Private markets giants have hammered home the connection between ESG and fiduciary duty in their annual sustainability reports.
Carlyle’s report is titled The EBITDA of ESG in an explicit reference to the link between ESG considerations and profitability.
“In a time of heightened scrutiny, we believe it is critical to work to build connections between the often-nebulous concept of ESG and traditional financial line items,” writes Megan Starr, the firm’s head of impact in the introduction to the report.
ESG has become a political football in the US, with certain Republicans decrying it as “woke capitalism” that places social and environmental goals ahead of investors’ need for financial returns. Republican members of the House Financial Services committee have promised to fill July with hearings on the problems with ESG in investing.
Carlyle, like other firms, makes the case for ESG considerations being integral to investment performance. “Many vital components of the ESG field are long-term, intangible, and fundamentally hard to quantify, and this philosophy [that ESG is a ‘lens’ through which to view financial risk and reward] does not discount these facts,” said Starr. “Our goal is to begin working to find those areas of direct alignment that we believe can enable us to push the field forward in a tangible way in the near term.”
Carlyle’s report goes on to describe 17 example areas in which active management of ESG considerations can be directly linked to a business’s top- and bottom-lines. For example, in terms of sales: businesses, consumers and public sector bodies are all skewing their buying habits towards suppliers with sustainability credentials. In terms of costs: labour, real estate, freight and other areas can benefit from sustainability measures.
KKR’s annual report, Creating and Protecting Value, is also upfront about how sustainability fits into fiduciary duty. “We approach sustainability through the lens of our commitment and responsibility to create and protect value on behalf of clients and shareholders,” write co-CEOs Scott Nuttall and Joseph Bae in their introductory letter.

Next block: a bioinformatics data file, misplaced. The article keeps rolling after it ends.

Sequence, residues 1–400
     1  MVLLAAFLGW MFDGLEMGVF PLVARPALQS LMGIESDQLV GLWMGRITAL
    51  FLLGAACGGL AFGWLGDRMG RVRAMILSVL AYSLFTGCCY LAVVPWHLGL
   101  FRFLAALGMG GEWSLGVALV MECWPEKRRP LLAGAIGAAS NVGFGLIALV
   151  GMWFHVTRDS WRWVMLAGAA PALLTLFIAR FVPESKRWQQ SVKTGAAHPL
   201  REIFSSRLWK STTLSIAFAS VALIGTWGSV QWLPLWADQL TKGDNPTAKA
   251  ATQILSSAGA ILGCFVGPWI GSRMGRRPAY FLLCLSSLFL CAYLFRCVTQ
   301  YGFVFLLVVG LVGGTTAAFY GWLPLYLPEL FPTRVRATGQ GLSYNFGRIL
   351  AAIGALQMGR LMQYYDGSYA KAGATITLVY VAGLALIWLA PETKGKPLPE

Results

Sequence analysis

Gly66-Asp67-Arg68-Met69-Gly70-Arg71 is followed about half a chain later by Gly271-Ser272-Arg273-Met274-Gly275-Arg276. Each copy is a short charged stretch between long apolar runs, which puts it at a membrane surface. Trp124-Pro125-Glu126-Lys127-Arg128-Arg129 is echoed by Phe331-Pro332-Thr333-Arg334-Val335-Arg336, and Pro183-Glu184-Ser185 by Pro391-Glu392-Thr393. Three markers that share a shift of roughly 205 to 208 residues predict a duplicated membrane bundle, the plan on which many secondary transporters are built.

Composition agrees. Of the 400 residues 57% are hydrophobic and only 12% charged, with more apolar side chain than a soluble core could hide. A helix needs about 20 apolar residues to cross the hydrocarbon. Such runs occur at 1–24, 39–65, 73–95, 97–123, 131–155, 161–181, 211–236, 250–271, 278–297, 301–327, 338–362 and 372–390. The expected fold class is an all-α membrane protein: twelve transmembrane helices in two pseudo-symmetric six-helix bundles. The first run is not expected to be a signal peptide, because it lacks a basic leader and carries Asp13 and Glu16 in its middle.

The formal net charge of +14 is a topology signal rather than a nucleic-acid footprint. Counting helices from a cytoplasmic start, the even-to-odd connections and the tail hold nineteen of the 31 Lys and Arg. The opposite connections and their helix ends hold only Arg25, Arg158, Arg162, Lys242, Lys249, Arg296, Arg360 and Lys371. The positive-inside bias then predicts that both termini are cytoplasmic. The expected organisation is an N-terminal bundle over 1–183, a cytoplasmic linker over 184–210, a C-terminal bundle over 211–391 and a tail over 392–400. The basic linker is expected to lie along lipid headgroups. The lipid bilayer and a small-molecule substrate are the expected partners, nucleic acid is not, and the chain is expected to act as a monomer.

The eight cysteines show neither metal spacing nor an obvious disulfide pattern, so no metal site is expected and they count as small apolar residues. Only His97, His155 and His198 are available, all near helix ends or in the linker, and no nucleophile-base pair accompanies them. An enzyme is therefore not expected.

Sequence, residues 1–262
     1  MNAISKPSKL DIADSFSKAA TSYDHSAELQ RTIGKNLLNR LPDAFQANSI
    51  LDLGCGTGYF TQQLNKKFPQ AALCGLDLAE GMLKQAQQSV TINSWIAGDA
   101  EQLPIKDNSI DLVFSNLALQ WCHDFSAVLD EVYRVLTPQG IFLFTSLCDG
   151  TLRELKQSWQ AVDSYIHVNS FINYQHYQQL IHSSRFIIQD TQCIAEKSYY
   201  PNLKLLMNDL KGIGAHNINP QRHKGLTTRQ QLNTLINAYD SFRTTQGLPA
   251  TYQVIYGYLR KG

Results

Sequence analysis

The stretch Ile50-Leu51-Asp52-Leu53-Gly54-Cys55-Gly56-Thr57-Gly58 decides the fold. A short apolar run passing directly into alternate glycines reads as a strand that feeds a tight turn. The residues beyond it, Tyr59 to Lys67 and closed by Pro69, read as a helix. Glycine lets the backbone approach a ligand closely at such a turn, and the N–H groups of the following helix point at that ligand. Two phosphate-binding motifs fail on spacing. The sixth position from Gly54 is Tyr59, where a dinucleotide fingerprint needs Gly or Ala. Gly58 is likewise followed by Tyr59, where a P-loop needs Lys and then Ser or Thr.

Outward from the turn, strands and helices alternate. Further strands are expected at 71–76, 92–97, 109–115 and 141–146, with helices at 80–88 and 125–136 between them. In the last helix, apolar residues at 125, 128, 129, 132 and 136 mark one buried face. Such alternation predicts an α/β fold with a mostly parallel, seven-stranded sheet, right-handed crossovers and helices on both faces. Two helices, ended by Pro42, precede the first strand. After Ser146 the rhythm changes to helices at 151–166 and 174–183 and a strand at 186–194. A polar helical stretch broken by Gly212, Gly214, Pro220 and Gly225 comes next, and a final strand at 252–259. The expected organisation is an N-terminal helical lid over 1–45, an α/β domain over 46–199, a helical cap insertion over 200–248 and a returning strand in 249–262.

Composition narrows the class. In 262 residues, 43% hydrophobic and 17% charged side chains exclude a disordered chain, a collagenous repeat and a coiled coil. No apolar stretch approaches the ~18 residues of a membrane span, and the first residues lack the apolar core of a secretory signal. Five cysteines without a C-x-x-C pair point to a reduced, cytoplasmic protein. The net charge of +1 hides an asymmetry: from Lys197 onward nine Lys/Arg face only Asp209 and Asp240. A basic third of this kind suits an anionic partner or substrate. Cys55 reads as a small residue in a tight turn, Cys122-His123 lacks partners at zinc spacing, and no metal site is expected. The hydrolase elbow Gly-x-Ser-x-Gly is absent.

That message is then reiterated by Ken Mehlman, global head of public affairs and co-head of the firm’s impact platform: “We are unwavering in our commitment to seek to create and protect value. We have a fiduciary duty to our clients to do so.”
Mehlman explicitly addresses issues relating to the anti-ESG movement in the US, noting that questions about the merits of ESG tend to focus on three areas: disagreement over how society should tackle the challenges we all face; what role business and finance should play in tackling these challenges; and lack of uniform definitions for terms like “ESG” or “responsible investing”.
“We welcome these questions,” writes Mehlman. “In fact, we ask ourselves these same questions. It is through dialogue and self-assessment that we can both learn from others and hold ourselves accountable.”
Mehlman positions sustainable investment as “one of many tools we have to create value” alongside things like “financial proficiency” and “operational insight”.
“Our experience has shown us that companies that focus on ESG-related risks and opportunities – where material – can create stronger, better investment outcomes,” writes Mehlman.
The word “material” appears four times in Mehlman’s letter, almost as many as “ESG” (five).
Apollo Global Management’s sustainability report leads with the connection between sustainability and financial performance. “We believe in the importance of incorporating ESG factors into our investment strategies in order to drive financial performance,” begins the introduction.
Dave Stangis, chief sustainability officer at Apollo, acknowledges the changing backdrop against which ESG is being discussed and implemented. “We are in an environment where ESG efforts are under close examination,” he writes. “The new attention is not changing the way we do business, but the conversation is helping us to be more precise in how we define what is driving the decisions we make and how we drive value for our clients.”
Earlier this year, a number of large listed firms included detailed reference to the ESG backlash in their Form 10-K regulatory annual reports.